Arc Forumnew | comments | leaders | submitlogin
Take the Arc Challenge (
19 points by mqt 5985 days ago | 12 comments

7 points by NickSmith 5985 days ago | link

Paul, in emphasising code brevity I think you are missing a greater good. I believe most of us subconsciously look for a language that is frictionless -- one that allows us to express our ideas without the language getting in the way. To me this is a far more appropriate measure of a language's power than the length of a program. I'd love a language that would allow me to stay in flow* and express my creativity without having to stop and think about the actual language itself. That would be the ultimate Zen power tool.

To be more specific here are three attributes that seem to aid frictionless flow. (perhaps in order of importance) -

--> Expressiveness -- i.e. simple, explicit and unambiguous abstractions.

--> Obviousness and readability. -- i.e. no need to decipher tokens, and the code structure illuminates the intention and flow of the process.

--> Terse. -- i.e. apart from the obvious benefit of requiring less work it also helps me 'keep the whole program in my head'.

There's nothing wrong with brevity of course, but when pursued for it's own sake it seems to be counter productive, in that when you focus on terseness alone there can be a tendency to ride roughshod over the more important attributes: expressiveness and obviousness. You then end up with code that's not as enjoyable to create and whose beauty is lost, except perhaps initially to it's creator.

BTW Paul, this is a great first shot, so a big thank you. I, for one, am routing for Arc to be a widespread success, if only so I can do most of what I need to do in a language that I really enjoy.

* On Flow ->


6 points by bayareaguy 5985 days ago | link

Arc seems to embody the idea that "Language design is library design, and vice-versa", but how can we tell where the boundry is?

When I look at something like

  (defop said req
    (aform [w/link (pr "you said: " (arg _ "foo"))
           (pr "click here")]
      (input "foo") 
what I see is more or less ordinary lisp that uses a library to solve an issue with applications that rely on http. I'm sure plenty of us could do the equivalent with the appropriate Python/Perl/Php/Ruby library, but then the obvious criticism would be that you're not really comparing lanugages. You would be comparing libraries.

Plenty of examples here:

Is it really the case that when you boil it down, Arc (language+libraries) is about making small web programs? If not, why this challenge and if so I suspect it won't live up to the 100-year idea.


9 points by emmett 5985 days ago | link

One thing I've noticed about languages: you can't really tell which is better from such a short sample.

Paul calls Prolog pattern matching great for writing basic list manipulation functions, then downhill from there. But if you're looking at those kinds of toy problems (how do you write reduce?) you get a biased sample.

Really, you have to try writing something representative of your problem space. And that code snippet is not at all representative of my experience writing web applications; it lacks:

  * Persistent storage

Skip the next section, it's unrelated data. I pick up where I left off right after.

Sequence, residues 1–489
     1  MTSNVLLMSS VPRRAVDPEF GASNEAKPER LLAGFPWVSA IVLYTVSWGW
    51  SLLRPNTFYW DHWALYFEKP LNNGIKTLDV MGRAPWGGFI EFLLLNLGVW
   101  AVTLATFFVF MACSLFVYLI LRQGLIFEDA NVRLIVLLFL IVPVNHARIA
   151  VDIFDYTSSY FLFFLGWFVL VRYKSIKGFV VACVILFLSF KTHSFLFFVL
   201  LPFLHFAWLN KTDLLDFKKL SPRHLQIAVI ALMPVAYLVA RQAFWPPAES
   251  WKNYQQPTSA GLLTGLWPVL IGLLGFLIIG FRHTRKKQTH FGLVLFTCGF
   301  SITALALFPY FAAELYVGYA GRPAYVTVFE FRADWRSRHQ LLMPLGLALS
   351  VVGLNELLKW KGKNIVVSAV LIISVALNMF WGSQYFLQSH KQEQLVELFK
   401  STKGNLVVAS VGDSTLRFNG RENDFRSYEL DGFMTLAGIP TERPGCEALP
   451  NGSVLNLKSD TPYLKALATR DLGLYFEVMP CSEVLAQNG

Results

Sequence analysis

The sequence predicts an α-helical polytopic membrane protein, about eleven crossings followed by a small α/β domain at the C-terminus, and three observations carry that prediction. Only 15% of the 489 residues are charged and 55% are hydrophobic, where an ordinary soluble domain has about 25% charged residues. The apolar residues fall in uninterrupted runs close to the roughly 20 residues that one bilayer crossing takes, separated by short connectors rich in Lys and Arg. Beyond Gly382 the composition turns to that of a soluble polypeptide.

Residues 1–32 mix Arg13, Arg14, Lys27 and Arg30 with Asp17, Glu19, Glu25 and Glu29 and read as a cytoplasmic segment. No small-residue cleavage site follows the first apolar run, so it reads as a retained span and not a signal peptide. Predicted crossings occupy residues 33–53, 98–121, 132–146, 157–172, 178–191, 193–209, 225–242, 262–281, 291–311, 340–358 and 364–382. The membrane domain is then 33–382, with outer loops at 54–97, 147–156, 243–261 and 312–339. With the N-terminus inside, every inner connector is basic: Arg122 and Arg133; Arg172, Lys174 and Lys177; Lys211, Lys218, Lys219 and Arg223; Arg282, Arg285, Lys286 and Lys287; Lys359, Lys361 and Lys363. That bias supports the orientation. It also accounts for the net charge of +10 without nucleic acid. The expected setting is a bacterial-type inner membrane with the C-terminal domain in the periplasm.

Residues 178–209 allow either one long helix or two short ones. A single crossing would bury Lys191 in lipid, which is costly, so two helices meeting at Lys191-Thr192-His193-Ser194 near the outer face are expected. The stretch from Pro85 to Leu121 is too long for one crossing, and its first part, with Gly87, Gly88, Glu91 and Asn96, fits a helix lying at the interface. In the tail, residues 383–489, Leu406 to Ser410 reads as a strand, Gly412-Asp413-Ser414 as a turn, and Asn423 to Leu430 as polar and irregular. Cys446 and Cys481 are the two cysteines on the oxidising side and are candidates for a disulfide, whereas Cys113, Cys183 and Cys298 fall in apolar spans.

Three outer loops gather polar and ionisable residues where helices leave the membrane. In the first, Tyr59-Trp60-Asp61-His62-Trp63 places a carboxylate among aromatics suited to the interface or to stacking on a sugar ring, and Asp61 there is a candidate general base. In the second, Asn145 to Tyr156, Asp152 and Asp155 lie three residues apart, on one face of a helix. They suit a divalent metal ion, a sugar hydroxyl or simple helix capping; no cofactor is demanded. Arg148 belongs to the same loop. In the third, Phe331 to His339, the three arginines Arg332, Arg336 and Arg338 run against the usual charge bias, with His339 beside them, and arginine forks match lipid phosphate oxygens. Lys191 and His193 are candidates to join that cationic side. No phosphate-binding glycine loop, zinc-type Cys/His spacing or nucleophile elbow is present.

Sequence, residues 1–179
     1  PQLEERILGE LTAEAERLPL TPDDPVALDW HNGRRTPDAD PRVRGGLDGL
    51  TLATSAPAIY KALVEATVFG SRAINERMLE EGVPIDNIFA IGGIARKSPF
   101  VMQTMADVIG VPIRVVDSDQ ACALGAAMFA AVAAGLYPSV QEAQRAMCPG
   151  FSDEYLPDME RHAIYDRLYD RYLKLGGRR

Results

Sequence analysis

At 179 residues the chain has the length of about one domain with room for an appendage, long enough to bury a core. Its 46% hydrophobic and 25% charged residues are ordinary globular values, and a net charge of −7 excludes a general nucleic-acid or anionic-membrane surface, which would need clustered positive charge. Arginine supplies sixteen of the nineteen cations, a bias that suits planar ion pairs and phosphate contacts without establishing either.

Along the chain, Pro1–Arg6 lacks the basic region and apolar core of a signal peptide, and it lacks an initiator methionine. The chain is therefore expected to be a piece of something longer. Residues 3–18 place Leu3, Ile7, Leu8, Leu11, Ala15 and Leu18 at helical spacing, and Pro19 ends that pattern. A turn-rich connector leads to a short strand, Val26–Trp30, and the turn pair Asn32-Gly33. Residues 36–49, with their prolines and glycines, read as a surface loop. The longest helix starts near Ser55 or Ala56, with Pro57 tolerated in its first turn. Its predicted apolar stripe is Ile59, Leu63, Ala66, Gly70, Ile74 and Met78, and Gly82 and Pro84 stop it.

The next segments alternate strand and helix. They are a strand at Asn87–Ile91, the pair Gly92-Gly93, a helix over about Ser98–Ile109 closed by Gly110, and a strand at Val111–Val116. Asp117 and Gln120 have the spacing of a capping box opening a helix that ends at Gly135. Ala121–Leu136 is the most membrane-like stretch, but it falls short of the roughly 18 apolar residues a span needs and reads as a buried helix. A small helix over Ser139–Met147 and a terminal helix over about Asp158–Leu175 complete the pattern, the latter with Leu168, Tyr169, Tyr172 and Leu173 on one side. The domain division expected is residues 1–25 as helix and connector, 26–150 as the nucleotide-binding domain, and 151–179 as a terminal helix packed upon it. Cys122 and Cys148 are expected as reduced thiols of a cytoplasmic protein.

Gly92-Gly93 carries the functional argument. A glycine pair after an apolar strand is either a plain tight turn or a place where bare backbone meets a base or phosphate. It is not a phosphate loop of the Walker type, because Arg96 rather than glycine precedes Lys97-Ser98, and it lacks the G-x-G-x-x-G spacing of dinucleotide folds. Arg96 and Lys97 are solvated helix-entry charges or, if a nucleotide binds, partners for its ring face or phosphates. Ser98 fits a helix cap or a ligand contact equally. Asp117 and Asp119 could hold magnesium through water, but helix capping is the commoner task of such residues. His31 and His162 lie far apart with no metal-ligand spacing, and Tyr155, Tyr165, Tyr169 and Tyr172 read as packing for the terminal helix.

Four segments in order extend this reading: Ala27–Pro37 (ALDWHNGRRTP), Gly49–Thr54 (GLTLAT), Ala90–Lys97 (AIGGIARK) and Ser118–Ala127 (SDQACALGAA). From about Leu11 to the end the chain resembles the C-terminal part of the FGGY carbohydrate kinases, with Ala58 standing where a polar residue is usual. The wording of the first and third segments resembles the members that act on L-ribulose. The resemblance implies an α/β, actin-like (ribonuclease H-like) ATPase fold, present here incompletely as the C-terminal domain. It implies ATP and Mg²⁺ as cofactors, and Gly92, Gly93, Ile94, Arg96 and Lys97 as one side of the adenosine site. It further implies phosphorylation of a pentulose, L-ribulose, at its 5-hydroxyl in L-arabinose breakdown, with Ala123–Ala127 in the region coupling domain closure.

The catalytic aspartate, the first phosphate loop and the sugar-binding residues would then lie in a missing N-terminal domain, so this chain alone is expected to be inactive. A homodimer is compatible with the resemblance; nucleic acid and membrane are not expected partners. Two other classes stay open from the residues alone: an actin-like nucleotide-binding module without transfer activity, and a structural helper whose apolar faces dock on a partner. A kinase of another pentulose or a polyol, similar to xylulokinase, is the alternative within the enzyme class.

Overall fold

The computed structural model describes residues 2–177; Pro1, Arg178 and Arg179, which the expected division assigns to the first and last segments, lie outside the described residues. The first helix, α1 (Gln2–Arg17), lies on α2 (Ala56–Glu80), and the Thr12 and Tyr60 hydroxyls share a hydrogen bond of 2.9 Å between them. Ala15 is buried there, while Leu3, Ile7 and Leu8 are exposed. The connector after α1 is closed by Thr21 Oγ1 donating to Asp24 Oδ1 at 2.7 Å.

* Large pages with multiple possible forms and actions
  * Javascript
  * Caching
  * Complicated queries
  * Pagination
In fact, what the demo code amounts to is a 2 step wizard. And in all of, we only have two wizards. So I don't think this is a good test for length of a web app.

One extremely important question: What would be? Is there some kind of canonical example application that could be designed?


5 points by nostrademons 5985 days ago | link

Reddit clone, including AJAX voting & comments and different sort orders.


5 points by emmett 5985 days ago | link

Wait a second...I think we might already have this written in Arc...


1 point by nostrademons 5985 days ago | link

I think we might already have it written in several languages...

So let's have the Reddit-clone challenge!


3 points by vikram 5985 days ago | link

A wiki


4 points by albertb 5985 days ago | link

I have more challenge for you.

Do the same thing, but make it survive a reboot of any server in the cluster.


2 points by s3graham 5985 days ago | link

I'm not sure I'd use db-transactional-serializable-migratable closures that often even if I had them (assuming the overhead wouldn't be worth the occasional "session timeout" message the user would see). Perhaps in some domains though?


2 points by albertb 5985 days ago | link

You can't? You lose then. Kinda different those are, business and helloworld, aren't they?


1 point by mst 5984 days ago | link

Looking at clients' deployed applications, the web boxes tend to average over a year's uptime so I can't say it seems like it'd matter that much.

Provided you've got runtime code loading and a useful QA process, I don't really see why you'd need to care - MySQL's lack of transactional DDL causes far more downtime than lack of serialisation would were we using a continuation-based system.


1 point by albertb 5984 days ago | link

"web boxes tend to average over a year's uptime so I can't say it seems like it'd matter that much."

Unless there is a five or six nines SLA.

"Provided you've got runtime code loading and a useful QA process,"

Hardware might crash as well.

"MySQL's lack of"

That one is really good.